New NCUA video assists credit unions in liquidity and contingency funding plans
ALEXANDRIA, VA (November 18, 2013) — Federally insured credit unions have a new resource to better understand and further assist in complying with the National Credit Union Administration’s final rule on liquidity and contingency funding.
In a new video available on the agency’s YouTube channel, Larry Fazio, Director of the Office of Examination and Insurance, and J. Owen Cole, Jr., Director of the Division of Capital and Credit Markets, provide insights into the purpose of the rule, who should follow the rule, compliance deadlines and additional resources available to credit unions.
The liquidity and contingency video is one of many resources available on http://www.ncua.gov/ to further educate credit unions about taking specific risk-management steps to ensure access to liquidity. NCUA previously issued a Letter to Credit Unions and other educational material with recommended monthly steps needed to implement the rule.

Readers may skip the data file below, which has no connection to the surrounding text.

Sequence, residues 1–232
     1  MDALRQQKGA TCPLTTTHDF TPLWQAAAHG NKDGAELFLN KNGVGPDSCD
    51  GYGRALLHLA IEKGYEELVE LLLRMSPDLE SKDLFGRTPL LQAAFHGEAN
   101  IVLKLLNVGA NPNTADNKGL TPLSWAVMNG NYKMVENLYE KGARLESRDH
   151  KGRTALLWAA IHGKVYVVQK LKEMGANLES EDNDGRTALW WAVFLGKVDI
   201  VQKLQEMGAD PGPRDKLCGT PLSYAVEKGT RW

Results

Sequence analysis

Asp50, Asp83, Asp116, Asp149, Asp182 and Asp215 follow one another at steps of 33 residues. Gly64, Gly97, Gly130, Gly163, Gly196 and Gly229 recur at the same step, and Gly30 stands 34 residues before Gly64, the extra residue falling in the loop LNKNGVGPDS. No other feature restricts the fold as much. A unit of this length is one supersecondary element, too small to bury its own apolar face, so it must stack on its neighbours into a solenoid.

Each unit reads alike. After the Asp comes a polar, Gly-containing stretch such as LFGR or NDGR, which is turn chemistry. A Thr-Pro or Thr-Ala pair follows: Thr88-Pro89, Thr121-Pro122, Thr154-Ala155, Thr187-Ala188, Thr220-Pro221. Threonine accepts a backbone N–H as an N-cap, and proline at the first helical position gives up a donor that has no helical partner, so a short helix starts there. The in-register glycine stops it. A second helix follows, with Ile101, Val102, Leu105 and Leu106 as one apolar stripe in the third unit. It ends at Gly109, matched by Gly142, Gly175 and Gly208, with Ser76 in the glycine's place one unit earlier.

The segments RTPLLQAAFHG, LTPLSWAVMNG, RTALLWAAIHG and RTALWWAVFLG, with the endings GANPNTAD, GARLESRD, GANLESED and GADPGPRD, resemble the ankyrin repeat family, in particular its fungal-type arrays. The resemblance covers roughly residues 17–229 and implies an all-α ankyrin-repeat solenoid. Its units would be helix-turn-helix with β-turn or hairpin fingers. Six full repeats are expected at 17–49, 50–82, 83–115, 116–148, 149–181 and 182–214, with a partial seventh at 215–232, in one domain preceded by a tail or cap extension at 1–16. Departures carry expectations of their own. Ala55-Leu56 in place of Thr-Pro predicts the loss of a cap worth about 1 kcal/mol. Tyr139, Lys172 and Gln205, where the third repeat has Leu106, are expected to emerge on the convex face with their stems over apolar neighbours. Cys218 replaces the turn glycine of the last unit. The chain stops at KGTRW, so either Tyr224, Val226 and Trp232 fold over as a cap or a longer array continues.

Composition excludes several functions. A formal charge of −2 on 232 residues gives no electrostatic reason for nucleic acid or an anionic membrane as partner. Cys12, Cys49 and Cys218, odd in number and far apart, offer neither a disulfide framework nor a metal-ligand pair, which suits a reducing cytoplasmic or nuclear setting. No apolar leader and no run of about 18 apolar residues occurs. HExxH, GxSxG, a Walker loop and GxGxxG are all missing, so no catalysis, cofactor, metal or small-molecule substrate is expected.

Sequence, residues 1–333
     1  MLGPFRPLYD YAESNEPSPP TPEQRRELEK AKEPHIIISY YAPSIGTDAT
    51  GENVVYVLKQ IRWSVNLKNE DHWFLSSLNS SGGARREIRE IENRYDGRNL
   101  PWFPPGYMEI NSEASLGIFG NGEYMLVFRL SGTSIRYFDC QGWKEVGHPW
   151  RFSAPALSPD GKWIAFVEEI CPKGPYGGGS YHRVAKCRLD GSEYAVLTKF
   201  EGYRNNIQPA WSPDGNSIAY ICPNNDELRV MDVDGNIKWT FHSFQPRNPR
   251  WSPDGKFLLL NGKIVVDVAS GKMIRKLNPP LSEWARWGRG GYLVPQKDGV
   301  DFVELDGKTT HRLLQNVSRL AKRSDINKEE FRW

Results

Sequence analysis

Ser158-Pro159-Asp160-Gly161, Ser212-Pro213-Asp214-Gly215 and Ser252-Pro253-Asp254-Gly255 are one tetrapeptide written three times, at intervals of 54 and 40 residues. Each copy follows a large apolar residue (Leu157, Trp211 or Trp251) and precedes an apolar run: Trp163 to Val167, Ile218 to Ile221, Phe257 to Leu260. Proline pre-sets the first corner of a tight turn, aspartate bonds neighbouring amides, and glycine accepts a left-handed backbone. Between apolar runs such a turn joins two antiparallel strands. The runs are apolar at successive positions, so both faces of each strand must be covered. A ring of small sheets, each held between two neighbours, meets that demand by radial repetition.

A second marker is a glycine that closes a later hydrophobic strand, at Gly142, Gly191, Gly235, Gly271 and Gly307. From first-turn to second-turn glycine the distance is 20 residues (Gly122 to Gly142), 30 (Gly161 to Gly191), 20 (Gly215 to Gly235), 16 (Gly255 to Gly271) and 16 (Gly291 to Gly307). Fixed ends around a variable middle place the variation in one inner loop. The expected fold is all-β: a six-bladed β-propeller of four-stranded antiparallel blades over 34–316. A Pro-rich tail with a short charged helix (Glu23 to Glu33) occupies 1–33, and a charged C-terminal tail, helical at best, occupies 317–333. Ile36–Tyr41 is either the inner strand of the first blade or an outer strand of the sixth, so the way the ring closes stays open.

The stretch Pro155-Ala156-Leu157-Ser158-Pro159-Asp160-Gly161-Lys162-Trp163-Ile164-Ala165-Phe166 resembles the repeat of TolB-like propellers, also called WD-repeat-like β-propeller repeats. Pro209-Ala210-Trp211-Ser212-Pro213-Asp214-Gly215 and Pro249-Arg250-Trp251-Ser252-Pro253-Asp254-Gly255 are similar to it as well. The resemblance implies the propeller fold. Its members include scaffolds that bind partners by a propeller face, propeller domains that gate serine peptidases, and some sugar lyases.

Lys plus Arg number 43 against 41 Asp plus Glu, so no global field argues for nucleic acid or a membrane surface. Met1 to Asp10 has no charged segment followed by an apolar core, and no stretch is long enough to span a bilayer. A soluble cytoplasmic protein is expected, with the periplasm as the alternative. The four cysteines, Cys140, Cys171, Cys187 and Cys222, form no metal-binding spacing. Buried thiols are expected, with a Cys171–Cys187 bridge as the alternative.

During the October open Board meeting, the NCUA Board unanimously approved a final rule requiring all federally insured credit unions to plan for liquidity events. Most importantly, the rule requires credit unions with assets exceeding $250 million to have access to NCUA’s Central Liquidity Facility, the Federal Reserve’s Discount Window, or both.
Credit unions with questions about establishing access to emergency liquidity through the Central Liquidity Facility may contact NCUA’s Central Liquidity Facility at firstname.lastname@example.org. For more information about the Federal Reserve’s Discount Window, credit unions may visit http://www.frbdiscountwindow.org/started.cfm.
Effective March 31, 2014, the final rule is available online here.
NCUA is the independent federal agency created by the U.S. Congress to regulate, charter and supervise federal credit unions. With the backing of the full faith and credit of the U.S. Government, NCUA operates and manages the National Credit Union Share Insurance Fund, insuring the deposits of more than 95 million account holders in all federal credit unions and the overwhelming majority of state-chartered credit unions.